Federal court hearing pushed out for suspect accused of slaying Deputy Keltner

ROCKFORD, Ill (WIFR) -- Updated March 11, 2019, 11:15 a.m.

UPDATE: The hearing for Floyd Brown, accused of killing Deputy Jake Keltner, will make his first federal court appearance at 3 p.m. Monday.

He'll appear in courtroom 5200 of the Stanley J. Roszkowski United States Courthouse in Rockford.

Brown is charged with first degree murder for the shooting death of Keltner Thursday while he attempted to serve a warrant at the Extended Stay Hotel on North Bell School Road.

Visitation services for Keltner are scheduled for Tuesday afternoon.


Floyd Brown, the man police say shot and killed Deputy Jake Keltner has a past with domestic violence. According to court records, Brown was found guilty of domestic violence and had two orders of protection against him. Domestic violence advocates and members of law enforcement want the community to know just how dangerous dealing with domestic abusers can be for our officers.

“We know that 75 percent of police officers who are killed, are killed by a man who has strangled a woman,” said manager of the Rockford Mayor’s Office on Domestic Violence and Human Trafficking Prevention Jen Caccapaglia.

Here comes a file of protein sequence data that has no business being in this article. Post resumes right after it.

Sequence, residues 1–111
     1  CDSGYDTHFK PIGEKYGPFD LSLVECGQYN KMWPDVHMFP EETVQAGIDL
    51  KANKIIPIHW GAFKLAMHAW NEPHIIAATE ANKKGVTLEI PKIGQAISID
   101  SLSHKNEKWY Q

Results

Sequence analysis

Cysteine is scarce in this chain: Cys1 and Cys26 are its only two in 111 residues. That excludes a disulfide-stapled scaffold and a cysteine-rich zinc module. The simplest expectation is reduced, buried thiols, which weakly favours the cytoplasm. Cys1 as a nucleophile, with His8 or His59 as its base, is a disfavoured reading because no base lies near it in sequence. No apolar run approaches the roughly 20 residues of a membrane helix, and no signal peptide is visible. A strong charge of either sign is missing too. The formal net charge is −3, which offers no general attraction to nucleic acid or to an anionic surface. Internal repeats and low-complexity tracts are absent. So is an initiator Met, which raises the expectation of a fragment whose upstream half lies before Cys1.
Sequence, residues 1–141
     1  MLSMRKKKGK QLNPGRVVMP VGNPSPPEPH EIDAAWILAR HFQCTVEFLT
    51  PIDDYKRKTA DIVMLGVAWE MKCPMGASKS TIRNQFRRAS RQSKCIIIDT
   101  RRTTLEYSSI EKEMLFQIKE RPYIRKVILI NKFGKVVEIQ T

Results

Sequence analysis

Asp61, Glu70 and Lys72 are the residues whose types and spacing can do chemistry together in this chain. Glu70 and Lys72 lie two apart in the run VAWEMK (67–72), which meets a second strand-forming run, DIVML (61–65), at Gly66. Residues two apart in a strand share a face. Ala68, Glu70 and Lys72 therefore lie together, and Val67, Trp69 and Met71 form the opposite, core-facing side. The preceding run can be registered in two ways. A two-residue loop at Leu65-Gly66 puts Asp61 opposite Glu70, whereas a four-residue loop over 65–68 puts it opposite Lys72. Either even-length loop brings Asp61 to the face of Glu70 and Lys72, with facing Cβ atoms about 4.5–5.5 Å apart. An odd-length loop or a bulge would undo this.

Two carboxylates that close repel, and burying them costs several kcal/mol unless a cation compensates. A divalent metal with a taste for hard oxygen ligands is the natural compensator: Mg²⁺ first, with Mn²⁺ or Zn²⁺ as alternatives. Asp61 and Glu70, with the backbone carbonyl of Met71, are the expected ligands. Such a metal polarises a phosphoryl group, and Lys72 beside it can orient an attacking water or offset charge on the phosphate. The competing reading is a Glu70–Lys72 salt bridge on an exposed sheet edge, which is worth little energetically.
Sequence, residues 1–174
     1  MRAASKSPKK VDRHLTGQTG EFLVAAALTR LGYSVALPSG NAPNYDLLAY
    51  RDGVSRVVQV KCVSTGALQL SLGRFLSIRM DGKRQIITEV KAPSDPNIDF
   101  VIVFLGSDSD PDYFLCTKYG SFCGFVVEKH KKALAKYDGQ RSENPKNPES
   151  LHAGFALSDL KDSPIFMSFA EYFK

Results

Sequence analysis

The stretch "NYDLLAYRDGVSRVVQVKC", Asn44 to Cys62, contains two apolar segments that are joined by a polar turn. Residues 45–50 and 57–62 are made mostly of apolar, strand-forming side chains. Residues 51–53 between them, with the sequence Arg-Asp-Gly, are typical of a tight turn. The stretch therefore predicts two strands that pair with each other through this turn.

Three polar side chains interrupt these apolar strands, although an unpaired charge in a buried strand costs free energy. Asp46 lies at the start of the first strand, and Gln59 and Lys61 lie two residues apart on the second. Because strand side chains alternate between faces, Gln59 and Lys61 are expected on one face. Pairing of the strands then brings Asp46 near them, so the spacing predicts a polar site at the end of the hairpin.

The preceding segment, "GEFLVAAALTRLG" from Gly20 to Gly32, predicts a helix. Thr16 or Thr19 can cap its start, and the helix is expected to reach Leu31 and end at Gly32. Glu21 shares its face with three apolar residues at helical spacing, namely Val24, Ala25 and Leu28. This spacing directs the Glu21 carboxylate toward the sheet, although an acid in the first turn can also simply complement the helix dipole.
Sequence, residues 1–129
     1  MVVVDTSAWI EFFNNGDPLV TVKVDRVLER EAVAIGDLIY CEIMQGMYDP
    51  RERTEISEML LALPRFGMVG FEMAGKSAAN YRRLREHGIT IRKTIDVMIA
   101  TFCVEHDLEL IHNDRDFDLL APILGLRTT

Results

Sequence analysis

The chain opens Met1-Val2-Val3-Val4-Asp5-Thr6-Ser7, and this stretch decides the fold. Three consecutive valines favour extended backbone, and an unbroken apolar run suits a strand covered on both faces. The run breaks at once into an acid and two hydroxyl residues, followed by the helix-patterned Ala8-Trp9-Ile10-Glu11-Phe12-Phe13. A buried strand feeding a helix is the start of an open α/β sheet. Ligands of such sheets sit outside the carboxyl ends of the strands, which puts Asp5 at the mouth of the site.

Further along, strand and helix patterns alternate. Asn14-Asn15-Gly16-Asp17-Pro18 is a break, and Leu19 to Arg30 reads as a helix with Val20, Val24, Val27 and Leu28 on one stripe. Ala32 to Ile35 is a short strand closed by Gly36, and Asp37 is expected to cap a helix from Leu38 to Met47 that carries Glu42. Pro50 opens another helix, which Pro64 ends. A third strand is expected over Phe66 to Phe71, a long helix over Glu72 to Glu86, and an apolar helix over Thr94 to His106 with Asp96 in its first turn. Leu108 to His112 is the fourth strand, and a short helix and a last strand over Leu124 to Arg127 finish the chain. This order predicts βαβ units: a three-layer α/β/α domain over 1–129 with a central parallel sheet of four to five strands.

Domestic violence calls are some of the most dangerous officers respond to.

“We don’t know what we're coming into when we respond to these calls especially when batteries have occurred. The offenders can be very violent with us,” said investigator with the Stephenson County Sheriff’s Office Alegra Koser.

Investigators say no matter the call officers need to know who they are dealing with.

“And this man, like so many other domestic batterers made choices to be violent and he has done it in his past and the best indicator of future behavior is past behavior,” said Caccapaglia.

Floyd Brown, the man police say is responsible for the killing of deputy Jake Keltner has a past with domestic violence. Manager of the Mayor's Office on Domestic Violence Jennifer Caccapaglia says this adds a level of difficulty for first responders.

“There should be notification of that person’s domestic violence history and we have to make sure that our officers understand what that really means for them, that additional again layer of danger that puts them in,” said Caccapaglia.

Caccapaglia says we as a community need to recognize the danger law enforcement faces when dealing with these offenders and the dangers they pose for all of us, so we can take steps to prevent it.

“This without question has got to be a priority when making sure our officers understand that when they're responding to a domestic relationship, but how do we make sure that our first responders know that when they’re responding to anything that they’re dealing with a domestic batterer.”